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Liberty Link rice raises specter of tightened regulations

The discovery of traces of unapproved genetically modified rice in United States exports has once again put the spotlight on biotech companies’ failure to fully contain field trials and on governments’ inability to keep the food supply free of unapproved traits. Although public reaction to the latest escape has been restrained, the LLRICE-601 case will further increase pressure to tighten regulation of field trials and screen imported crops for ‘unknown’ genetic modifications.

On August 18, 2006, the US Department of Agriculture (USDA) announced that LLRICE601, an unapproved genetically modified (GM) rice variant developed by what is now a subsidiary of chemical company Bayer of Leverkusen, Germany, had been found in US rice export storage bins as far back as January of this year. During the weeks following, in European countries such as Germany, Italy, Switzerland and The Netherlands, many loads of US long-grain rice shipments tested positive for traces of the strain.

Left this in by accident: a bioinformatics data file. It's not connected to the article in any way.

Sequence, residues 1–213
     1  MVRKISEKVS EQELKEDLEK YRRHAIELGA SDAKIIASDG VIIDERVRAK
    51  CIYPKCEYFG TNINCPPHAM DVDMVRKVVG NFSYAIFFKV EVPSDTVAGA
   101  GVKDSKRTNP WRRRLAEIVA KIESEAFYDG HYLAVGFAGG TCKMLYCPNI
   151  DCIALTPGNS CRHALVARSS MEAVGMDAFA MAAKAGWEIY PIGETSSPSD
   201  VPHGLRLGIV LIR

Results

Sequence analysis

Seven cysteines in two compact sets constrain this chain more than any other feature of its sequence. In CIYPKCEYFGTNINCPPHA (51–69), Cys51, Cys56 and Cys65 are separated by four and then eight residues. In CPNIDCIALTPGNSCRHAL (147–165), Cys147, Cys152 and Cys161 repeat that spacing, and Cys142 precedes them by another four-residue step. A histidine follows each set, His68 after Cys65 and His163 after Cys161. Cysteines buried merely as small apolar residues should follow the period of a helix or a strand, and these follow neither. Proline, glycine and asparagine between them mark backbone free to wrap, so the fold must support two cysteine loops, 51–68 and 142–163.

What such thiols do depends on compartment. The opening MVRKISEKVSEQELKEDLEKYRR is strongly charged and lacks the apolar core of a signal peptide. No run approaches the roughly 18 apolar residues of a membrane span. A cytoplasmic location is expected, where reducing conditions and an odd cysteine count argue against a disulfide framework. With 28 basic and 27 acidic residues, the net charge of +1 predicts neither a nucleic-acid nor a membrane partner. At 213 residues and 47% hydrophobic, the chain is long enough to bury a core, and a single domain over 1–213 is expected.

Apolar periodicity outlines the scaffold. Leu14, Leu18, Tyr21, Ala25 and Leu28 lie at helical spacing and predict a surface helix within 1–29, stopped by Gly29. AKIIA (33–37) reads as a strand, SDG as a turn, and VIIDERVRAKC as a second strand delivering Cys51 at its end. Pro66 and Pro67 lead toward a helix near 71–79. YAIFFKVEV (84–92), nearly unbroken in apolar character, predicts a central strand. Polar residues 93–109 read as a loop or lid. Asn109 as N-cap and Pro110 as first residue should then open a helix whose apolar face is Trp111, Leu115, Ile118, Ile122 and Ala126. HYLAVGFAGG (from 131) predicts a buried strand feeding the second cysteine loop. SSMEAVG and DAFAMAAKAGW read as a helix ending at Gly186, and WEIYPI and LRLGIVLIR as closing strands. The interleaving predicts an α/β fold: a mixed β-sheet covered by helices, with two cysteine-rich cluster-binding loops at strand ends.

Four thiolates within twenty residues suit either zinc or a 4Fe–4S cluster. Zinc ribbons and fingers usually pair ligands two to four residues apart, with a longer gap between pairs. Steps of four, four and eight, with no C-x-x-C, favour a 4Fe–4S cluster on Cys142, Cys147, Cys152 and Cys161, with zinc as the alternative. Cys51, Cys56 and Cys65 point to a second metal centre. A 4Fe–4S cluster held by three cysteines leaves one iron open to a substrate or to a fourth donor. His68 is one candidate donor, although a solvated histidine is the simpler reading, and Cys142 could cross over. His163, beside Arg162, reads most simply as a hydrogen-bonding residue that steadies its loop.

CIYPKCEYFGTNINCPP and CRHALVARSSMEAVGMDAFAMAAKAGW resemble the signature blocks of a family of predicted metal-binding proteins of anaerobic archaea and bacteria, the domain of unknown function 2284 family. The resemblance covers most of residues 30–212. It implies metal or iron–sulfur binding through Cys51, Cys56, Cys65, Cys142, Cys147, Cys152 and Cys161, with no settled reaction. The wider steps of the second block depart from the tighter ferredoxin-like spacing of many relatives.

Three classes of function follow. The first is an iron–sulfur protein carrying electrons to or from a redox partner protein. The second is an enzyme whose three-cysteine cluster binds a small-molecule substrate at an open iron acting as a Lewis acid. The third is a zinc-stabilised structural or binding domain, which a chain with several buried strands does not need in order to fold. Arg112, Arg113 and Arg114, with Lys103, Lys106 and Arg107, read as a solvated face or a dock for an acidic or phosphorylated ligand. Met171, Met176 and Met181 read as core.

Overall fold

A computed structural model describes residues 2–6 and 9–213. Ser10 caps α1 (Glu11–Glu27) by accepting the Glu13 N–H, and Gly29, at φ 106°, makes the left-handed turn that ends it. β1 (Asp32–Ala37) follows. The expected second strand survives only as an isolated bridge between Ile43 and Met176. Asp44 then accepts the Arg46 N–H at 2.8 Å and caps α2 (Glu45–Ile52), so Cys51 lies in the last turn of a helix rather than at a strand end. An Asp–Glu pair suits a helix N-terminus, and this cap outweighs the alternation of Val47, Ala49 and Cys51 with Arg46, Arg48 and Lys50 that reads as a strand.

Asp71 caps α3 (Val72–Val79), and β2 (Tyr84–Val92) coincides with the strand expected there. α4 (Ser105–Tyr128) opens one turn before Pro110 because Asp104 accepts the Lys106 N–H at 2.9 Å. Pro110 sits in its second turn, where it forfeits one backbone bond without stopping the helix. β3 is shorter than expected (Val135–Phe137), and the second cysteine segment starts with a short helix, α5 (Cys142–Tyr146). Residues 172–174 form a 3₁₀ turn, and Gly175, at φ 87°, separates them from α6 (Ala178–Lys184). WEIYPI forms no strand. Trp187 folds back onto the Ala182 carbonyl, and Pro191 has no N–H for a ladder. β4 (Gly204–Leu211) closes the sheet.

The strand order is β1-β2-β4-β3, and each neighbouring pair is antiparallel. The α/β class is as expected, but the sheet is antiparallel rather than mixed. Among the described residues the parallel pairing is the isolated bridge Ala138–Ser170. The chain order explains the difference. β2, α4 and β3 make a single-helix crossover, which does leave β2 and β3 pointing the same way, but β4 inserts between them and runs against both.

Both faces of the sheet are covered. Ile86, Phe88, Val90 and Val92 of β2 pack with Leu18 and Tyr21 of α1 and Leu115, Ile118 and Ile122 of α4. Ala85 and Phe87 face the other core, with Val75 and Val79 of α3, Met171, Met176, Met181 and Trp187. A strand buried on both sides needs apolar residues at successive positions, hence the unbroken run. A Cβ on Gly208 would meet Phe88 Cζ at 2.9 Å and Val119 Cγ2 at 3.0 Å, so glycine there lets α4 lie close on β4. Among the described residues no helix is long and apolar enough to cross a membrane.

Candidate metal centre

LLRICE601 is engineered to tolerate glufosinate, an herbicide sold under the brand name Liberty Link. The tolerance was introduced through a Streptomyces hygroscopicus gene that codes for phospinothricin acetyl transferase (PAT), a glufosinate-inactivating enzyme. PAT is also expressed in LLRICE06 and LLRICE62, two other Bayer rice strains approved by the US in 1999. The latter of the two strains is currently undergoing safety assessments in the EU. According to both US and EU regulators, trace amounts of LLRICE601 in food do not warrant immediate safety concerns.

The discovery of unapproved GM rice in food triggered a fall in rice export prices, prompting a string of lawsuits from angry growers. US rice growers had rejected GM rice thus far for fear of market rejection in the US and abroad. “The rice industry has long opposed the commercialization of genetically engineered rice until such time as there is consumer acceptance…,” says David Coia, spokesman for the USA Rice Federation, a Washington-based trade organization. “The discovery of trace amounts of…LLRICE601 in commercial supplies came as a surprise to rice growers, millers and merchants,” Coia says. Bayer CropScience of Monheim am Rhein, Germany, declined to comment.